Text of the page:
Over previous decades, however, the archaeo-mythological work of Professor Marija Gimbutas was revealing a far more primal approach to discovering the persona of this ‘hidden’ goddess of Old Europe.  Not unexpectedly, her theories have been dismissed by many of her fellow archaeologists but like Carl Jung and Margaret Murray, whose work suffered similar professional scorn, there are elements that ‘speak’ to us on a more subliminal level. As writer Allen Bennett once observed it’s that moment in reading when you come across something … ‘a thought, a feeling, a way of looking at things – which you thought special and particular to you. Now here it is, set down by someone else, a person you have never met, someone even who is long dead. And it is as if a hand has come out and taken yours.’ It was as if, in discovering the writings of Marija Gimbutas, the tectonic platese of archaeo-mythologica (Old Europe) and esoteria (Old Craft) collided – and made complete sense of the way we viewed this ‘hidden’ Primal Goddess within our own Tradition.

We also found ourselves asking, but where exactly was this ‘Old European’ culture located?  Between c7000 and c3500BC the inhabitants of this region developed a much more complex social organisation than their western and northern neighbours. In the Goddesses & Gods of Old Europe, this area is designated as extending from the Aegean and Adriatic, including the islands of Sicily and Crete, as far north as Czechoslovakia, southern Poland, the western Ukraine and parts of Anatolia.  Suggesting that the earliest possible representations are those prehistoric ‘Venus’ figurines found from Western Europe to Siberia – all sharing the same characteristics of pendulous breasts, sagging stomachs and buttocks; but more importantly the heads are small and featureless, i.e., without identity.

In reality, almost all Neolithic goddesses are composite images with an accumulation of traits from the pre-agricultural and agricultural eras. Those ‘buxom wenches’ with their massive thighs, breasts and buttocks that suggest a prehistoric society weaned on junk food, or suffering from a thyroid dysfunction were only one aspect of the goddess. In other sculptures of the time we see lithe, elegant figures of the Cycladic and Stargazer imagery, and the sinuous grace of the engraved rock ‘dancers’ from the cave of Addaura in Sicily.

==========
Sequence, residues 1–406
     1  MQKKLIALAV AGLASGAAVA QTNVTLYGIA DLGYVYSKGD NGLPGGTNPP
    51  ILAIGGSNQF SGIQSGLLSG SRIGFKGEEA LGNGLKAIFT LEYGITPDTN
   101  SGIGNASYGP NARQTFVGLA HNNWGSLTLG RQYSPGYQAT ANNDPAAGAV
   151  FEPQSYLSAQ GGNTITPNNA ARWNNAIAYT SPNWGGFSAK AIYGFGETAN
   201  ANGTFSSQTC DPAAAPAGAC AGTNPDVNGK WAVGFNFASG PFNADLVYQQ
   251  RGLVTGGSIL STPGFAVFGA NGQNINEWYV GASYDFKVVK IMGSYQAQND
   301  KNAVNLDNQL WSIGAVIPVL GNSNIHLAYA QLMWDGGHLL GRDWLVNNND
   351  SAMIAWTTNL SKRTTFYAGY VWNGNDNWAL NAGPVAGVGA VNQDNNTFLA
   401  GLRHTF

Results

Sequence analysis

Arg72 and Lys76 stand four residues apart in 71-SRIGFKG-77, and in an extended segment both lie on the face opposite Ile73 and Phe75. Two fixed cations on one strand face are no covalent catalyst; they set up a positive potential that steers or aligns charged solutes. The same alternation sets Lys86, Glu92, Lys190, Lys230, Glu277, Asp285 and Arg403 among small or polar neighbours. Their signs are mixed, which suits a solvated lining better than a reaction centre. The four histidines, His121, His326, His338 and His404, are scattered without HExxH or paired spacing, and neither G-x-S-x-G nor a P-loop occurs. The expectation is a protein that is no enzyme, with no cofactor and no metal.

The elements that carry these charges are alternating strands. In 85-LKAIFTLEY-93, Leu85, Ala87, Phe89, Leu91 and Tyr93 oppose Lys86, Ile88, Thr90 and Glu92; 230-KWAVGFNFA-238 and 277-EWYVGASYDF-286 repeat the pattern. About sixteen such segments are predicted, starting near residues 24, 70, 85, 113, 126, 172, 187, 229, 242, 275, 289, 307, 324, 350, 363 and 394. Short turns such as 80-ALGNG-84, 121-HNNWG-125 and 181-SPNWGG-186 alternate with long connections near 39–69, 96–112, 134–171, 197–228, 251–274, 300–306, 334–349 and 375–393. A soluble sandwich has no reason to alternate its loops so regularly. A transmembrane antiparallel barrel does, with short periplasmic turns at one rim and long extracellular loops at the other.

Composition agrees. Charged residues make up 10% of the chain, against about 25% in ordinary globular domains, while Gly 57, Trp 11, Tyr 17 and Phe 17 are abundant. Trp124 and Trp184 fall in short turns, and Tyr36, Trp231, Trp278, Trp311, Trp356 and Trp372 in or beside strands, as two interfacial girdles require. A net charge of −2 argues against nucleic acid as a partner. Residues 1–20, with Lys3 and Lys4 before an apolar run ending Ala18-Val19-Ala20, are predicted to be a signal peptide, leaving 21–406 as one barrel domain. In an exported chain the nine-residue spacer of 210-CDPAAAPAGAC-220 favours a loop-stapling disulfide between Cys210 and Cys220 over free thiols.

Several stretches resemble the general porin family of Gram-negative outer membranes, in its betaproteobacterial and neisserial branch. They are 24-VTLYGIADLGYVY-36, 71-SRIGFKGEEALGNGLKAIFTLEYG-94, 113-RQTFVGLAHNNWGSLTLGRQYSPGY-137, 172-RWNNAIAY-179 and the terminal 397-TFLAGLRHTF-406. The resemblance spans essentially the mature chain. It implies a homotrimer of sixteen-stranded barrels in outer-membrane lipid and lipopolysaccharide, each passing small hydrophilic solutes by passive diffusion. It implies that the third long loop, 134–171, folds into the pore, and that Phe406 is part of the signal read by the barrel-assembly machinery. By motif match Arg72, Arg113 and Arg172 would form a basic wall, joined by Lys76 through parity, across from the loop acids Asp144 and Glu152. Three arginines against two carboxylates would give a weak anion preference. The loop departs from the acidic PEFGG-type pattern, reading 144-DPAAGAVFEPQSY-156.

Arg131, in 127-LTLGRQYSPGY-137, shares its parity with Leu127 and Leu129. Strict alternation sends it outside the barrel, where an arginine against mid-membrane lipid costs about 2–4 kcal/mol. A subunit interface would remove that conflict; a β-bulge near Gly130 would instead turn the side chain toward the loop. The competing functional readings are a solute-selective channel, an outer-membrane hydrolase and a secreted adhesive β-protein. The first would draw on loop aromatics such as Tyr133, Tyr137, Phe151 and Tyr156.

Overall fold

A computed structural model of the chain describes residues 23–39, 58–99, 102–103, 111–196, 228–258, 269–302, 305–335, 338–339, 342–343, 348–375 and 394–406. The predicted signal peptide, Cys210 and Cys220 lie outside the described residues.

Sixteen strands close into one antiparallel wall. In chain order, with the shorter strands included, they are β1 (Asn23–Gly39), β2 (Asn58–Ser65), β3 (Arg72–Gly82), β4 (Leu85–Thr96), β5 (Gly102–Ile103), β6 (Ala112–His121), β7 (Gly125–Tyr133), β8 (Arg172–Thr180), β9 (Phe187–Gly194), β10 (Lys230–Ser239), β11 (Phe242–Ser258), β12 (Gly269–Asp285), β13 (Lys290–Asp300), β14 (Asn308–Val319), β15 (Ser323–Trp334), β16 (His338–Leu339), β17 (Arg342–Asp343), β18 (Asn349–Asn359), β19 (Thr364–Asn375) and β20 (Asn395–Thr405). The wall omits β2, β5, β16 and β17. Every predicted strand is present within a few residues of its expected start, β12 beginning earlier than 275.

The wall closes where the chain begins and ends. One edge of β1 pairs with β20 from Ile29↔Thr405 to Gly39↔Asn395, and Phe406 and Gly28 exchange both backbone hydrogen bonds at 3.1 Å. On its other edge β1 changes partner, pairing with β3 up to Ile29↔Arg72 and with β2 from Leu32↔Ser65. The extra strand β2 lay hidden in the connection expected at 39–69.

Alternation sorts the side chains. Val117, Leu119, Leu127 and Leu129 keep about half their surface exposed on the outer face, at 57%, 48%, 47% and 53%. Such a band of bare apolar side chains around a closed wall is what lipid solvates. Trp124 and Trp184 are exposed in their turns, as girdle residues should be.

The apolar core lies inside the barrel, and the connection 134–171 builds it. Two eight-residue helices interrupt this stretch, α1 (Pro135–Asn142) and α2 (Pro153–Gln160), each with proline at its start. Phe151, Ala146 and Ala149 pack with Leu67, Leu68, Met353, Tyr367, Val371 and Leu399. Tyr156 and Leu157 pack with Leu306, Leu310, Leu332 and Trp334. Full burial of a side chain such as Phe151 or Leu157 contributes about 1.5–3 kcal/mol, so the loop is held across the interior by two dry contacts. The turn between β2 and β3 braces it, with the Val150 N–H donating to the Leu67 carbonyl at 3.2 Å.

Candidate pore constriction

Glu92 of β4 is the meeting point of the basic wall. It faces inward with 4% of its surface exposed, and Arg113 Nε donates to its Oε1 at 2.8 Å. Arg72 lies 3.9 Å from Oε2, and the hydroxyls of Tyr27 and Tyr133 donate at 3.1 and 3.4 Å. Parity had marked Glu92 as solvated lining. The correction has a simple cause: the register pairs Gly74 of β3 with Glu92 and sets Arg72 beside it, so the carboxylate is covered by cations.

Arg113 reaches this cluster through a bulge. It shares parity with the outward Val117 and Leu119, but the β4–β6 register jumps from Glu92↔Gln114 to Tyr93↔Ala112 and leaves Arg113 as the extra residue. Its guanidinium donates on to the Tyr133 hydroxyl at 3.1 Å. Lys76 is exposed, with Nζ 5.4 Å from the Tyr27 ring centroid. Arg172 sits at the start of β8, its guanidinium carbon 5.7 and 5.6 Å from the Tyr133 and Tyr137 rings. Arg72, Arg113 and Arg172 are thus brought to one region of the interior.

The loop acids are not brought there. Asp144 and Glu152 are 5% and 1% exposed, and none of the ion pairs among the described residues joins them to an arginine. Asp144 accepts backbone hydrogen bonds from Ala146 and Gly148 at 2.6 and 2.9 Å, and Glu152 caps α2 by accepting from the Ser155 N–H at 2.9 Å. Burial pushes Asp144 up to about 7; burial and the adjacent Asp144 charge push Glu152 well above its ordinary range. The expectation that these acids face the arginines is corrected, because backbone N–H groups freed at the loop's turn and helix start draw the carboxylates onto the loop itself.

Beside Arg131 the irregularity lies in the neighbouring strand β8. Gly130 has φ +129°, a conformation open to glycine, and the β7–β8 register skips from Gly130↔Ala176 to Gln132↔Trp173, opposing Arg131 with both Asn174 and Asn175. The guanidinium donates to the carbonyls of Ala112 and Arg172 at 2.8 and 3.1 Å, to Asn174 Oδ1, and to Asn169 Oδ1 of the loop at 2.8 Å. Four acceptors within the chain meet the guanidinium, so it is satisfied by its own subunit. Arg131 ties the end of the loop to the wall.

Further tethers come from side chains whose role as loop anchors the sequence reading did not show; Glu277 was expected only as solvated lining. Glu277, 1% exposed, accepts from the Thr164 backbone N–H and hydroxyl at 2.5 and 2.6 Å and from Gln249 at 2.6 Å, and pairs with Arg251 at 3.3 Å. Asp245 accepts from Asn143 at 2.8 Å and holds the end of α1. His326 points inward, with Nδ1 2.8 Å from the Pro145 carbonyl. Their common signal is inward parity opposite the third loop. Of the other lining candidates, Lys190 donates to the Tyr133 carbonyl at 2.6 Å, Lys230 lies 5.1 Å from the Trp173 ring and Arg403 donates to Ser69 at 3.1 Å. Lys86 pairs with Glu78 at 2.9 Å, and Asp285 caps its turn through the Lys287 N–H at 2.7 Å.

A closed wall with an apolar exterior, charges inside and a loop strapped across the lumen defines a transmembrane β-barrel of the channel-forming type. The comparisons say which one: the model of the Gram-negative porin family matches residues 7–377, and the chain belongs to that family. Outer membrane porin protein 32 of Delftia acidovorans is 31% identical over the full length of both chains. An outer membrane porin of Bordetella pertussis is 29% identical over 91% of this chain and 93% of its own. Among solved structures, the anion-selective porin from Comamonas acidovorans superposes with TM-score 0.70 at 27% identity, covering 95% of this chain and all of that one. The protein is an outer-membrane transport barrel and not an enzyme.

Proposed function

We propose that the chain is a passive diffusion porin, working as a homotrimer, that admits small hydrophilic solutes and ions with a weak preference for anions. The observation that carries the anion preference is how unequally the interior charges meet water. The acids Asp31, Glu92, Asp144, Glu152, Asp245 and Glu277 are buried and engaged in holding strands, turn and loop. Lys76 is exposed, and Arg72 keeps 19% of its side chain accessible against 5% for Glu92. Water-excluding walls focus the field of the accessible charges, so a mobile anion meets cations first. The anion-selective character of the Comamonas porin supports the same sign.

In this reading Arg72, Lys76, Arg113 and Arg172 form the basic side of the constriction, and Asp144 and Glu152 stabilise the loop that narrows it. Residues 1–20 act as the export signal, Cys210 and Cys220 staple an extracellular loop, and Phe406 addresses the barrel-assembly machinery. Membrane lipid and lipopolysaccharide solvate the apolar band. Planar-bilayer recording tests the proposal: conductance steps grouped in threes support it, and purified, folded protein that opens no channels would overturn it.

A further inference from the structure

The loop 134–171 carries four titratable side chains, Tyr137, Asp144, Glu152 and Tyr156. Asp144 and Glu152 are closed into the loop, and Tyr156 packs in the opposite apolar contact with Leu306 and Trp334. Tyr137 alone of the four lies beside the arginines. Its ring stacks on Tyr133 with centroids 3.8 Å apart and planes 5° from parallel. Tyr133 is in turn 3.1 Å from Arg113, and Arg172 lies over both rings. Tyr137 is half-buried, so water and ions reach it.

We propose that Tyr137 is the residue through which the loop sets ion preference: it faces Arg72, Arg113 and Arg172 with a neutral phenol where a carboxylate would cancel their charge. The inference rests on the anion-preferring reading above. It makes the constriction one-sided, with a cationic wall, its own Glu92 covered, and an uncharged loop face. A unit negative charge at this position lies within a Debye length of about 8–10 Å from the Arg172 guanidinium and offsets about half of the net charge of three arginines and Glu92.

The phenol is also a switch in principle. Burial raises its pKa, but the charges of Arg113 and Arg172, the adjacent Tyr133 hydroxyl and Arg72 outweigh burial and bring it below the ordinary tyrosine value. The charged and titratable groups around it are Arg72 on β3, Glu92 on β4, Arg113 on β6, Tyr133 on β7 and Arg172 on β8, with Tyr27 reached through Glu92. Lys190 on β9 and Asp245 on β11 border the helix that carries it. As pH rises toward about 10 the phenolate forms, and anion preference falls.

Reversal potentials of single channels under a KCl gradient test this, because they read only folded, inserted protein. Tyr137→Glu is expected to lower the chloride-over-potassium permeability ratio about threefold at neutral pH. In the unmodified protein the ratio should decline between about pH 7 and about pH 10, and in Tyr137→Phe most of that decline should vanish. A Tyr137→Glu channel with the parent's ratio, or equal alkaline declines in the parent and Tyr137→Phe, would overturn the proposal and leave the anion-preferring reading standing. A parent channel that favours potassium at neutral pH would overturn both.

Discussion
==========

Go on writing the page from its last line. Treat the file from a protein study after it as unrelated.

Nevertheless, they all share a distinctive feature of a strong but featureless face: her image remains hidden because we are deliberately prevented from seeing the true face of this Primal Goddess.  A concept that was rejuvenated with the replacing of the sculpted face of Cybele with … ‘a certain [black meteorite] stone of no great size, which could be carried in a man’s hand without exerting any pressure on him, dusky black in colour, uneven with some edges projecting, and which we all see today placed in that very image in lieu of a face, rough and uncut, giving to the image a countenance by no means life-like …’ [Arnobius, c255-330AD]

In the Power of Images, Professor David Freedberg offers up the explanation that this sacred stone, like many others, was deliberately left unworked because it was in that state that its sacredness resided. ‘Shaping it would presumably have deprived it of its sacred content, or, at least diminished it; the only course left was to have it set in such a way as to emphasise or make plain its divine status.’   Even as late as Imperial Roman, when copies of Classic Greek beauty were demanded by the interior designers of the day, these enigmatic faceless matrons were still thought of as sacred.  ‘For 5th-century beholders that ‘face’ [of Demeter in the Museum at Cyrene] can hardly but have generated as association with the kinds of mysterious powers so often associated with unworked stones,’ Freedberg concluded.

And that feeling of ‘faceless’ wonder trickles down to the present day, causing the Curator at the Cleveland Museum of Art to comment: “All we can do is speculate on the creative and spiritual forces that created this beautiful and mystical figure that symbolises our search for the divine.” But because of the way we’ve been schooled in the art of witchcraft, Old Craft witches are more likely to ‘see’ their goddess figure in terms of the Stargazer; while contemporary paganism appears to favour the predominantly medievalist forms of Burne-Jones and Rossetti.